Enneagram: Helpful Quaker Baggage II

by | Dec 9, 2022 | Christine Hall's Blog

LAST WEEK, I UNPACKED SOME QUAKER BAGGAGE on individuality and personal relationships that complement exploration of the Enneagram.

If you’re not familiar with the Enneagram, it’s an ancient wisdom tool describing nine ways of seeing and experiencing the world. The nine Enneagram personality types have unique strengths and challenges, so at its best the Enneagram can prompt astonishing psychological and spiritual growth. It helps us tend what we bring to relationships, work, and a life of faith and faithful service or activism.

This week, I offer some ways Quaker spirituality amplifies the benefits of the Enneagram for actions with wider impact:

It’s a process, not an outcome.

The Quakers I most admire trust process. They trust it takes time to listen to the Spirit in ways that help us make decisions with clarity and integrity. It’s a bit of a joke how long it can take to choose carpet color in a Quaker meeting house. Personal and group discernment invite patience and tolerance of ambiguity. Quakers have learned that with attention to process, surprising and grace-filled “outcomes” can emerge beyond our wildest hopes.

The Enneagram is more like a process than an outcome. It’s not about the label of your type; it’s more of an unfolding awareness and sense of possibilities. With patience, the dynamic wisdom of the Enneagram helps us embrace the messiness and grace of our unique identities. We grow in awareness of how the best of who we are dances with the worst of who we are, every day. We can wrap our arms around the wholeness of this unique human experience.

Sacred and secular

Quakers make little distinction between sacred and secular, the Holy and the ordinary. The experience of the Divine is infused in every part of our living. Liturgy, doctrine, regular worship, and official religious leadership carry less weight than in other faith traditions. Psychology, science, nature, and daily life, can all reveal the wonder of the Holy One.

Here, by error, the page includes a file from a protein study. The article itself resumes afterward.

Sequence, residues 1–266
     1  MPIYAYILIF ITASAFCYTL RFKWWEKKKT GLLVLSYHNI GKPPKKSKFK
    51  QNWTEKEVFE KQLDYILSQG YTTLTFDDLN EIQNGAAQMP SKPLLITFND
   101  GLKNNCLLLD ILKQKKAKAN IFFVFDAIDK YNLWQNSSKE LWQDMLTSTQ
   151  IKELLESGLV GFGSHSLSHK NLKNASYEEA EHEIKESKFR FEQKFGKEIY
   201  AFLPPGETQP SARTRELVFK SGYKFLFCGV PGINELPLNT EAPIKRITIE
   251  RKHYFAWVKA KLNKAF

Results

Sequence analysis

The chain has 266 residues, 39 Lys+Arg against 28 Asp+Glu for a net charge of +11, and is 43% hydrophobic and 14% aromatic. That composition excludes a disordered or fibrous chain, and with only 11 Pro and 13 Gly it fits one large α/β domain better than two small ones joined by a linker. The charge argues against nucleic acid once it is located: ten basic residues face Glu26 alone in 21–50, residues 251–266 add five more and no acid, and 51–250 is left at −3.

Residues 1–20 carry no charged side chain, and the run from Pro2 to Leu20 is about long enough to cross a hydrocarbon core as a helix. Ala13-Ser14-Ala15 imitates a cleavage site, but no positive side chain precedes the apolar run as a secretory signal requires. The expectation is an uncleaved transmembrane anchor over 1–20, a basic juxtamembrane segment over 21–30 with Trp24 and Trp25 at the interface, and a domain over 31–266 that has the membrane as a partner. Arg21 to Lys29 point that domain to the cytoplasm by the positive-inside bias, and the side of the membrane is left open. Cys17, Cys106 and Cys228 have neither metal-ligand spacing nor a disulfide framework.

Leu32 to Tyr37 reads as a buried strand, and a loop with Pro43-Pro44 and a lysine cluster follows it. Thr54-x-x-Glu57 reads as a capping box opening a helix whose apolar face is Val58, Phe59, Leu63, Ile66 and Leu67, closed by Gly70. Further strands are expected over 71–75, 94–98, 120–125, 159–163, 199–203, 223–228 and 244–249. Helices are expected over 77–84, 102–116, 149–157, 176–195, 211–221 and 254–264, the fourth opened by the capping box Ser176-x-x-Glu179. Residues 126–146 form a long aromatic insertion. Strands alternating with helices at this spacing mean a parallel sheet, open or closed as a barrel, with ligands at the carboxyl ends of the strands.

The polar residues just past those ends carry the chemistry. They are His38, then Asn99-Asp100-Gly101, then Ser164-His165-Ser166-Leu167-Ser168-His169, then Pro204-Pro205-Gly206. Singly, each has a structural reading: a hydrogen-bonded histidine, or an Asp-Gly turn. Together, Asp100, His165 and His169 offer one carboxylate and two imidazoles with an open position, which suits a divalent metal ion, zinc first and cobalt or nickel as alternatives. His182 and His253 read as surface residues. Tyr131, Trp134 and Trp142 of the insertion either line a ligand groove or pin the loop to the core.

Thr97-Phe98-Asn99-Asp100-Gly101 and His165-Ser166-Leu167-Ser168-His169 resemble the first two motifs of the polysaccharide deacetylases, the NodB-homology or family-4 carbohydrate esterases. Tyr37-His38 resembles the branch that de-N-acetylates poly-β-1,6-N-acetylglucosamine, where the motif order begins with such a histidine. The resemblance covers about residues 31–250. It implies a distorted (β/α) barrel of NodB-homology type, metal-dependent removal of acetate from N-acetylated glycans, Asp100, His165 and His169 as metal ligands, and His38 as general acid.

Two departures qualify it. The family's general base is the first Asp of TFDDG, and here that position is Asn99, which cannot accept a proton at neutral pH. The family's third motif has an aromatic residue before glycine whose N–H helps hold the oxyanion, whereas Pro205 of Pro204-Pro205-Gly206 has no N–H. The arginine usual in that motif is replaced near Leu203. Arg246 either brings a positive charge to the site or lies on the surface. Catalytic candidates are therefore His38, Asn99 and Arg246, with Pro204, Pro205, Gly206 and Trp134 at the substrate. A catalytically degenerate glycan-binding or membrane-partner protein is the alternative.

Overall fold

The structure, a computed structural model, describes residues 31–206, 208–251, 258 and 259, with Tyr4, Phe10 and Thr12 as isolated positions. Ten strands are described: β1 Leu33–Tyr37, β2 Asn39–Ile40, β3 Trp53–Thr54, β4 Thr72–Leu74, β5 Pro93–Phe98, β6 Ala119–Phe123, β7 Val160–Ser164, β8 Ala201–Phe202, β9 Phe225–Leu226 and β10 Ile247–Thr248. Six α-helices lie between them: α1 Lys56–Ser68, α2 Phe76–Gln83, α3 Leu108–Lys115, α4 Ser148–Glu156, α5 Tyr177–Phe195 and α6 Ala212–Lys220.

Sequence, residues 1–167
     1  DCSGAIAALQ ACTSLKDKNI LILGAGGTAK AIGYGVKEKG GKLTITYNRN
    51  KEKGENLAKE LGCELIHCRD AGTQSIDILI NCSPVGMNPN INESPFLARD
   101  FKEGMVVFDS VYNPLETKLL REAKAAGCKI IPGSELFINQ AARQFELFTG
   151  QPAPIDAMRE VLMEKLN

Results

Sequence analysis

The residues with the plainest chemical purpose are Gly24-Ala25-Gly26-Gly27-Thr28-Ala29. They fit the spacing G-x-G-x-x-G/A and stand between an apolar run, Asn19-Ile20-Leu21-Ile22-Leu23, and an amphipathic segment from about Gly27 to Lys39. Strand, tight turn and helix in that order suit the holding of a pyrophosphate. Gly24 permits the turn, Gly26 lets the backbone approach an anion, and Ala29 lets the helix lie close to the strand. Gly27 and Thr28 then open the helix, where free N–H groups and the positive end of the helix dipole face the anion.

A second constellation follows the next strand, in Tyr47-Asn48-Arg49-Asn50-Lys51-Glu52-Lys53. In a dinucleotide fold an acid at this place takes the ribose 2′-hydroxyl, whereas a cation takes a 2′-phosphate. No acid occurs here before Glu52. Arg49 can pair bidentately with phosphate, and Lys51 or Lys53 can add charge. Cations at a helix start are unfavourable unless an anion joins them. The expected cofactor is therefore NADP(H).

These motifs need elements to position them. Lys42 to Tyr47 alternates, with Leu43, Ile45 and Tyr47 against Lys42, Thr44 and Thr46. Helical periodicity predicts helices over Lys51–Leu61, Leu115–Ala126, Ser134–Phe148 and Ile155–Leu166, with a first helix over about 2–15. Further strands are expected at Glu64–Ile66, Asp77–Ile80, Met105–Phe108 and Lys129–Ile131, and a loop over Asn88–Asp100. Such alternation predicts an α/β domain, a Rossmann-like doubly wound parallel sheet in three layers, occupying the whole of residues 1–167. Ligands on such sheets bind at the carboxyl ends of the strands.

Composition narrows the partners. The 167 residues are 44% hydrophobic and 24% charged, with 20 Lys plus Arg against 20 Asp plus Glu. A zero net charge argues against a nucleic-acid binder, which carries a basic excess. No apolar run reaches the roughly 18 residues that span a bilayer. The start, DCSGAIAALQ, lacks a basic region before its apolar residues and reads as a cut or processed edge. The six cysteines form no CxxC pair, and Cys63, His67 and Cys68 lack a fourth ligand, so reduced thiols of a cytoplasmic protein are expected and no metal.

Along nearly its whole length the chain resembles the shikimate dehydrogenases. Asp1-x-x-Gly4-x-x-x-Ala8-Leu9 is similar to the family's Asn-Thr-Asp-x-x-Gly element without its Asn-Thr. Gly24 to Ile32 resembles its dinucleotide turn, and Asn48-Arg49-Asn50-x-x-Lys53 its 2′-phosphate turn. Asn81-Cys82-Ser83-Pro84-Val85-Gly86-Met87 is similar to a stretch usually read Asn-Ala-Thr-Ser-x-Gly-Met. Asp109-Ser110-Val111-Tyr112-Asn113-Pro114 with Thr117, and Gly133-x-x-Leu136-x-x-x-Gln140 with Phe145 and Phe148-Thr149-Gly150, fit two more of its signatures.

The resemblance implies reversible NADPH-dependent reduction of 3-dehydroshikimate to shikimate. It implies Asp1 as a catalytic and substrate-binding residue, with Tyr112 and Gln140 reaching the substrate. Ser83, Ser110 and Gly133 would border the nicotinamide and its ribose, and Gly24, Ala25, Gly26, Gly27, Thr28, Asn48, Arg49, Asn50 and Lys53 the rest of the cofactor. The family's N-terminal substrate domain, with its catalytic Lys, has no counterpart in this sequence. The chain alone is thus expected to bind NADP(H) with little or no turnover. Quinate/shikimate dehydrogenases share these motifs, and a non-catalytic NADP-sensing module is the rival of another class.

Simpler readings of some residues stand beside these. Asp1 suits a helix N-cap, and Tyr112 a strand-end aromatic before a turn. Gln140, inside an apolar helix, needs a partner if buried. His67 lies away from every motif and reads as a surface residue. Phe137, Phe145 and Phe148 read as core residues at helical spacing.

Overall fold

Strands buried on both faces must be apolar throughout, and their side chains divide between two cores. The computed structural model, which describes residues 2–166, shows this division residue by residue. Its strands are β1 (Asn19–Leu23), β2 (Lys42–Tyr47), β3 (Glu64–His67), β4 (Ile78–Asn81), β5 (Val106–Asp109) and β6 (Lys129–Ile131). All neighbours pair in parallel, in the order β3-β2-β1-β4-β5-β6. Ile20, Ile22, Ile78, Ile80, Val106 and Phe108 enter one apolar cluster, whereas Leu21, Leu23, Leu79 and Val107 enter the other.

The Enneagram is both a psychological and spiritual tool. It’s quite useful in completely secular settings—business, education, health care, and many more. But the Enneagram is actually designed for profound soul work, whether or not one is part of a faith tradition, or which faith vocabulary speaks to one’s heart. Quaker spirituality welcomes the overlap of psychological and spiritual language and experience. Using Quaker spirituality with the Enneagram, we are well prepared to notice and tend what is Life-giving.

Integrating inner exploration and outward actions

For Quakers, inner awareness of the Divine animates outward “concerns”, or “leadings of the Spirit.” We may be guided into traditional Quaker witness for peace, justice, equality, or prison reform, or contemporary concerns for climate change, racial reconciliation or addressing economic inequalities. With the Spirit, we discern the particulars of what is “ours to do” in the here and now. At our finest, Quakers aim for choices, behaviors, relationships, and activism that flow from intimate relationship with God, the Source of All Love.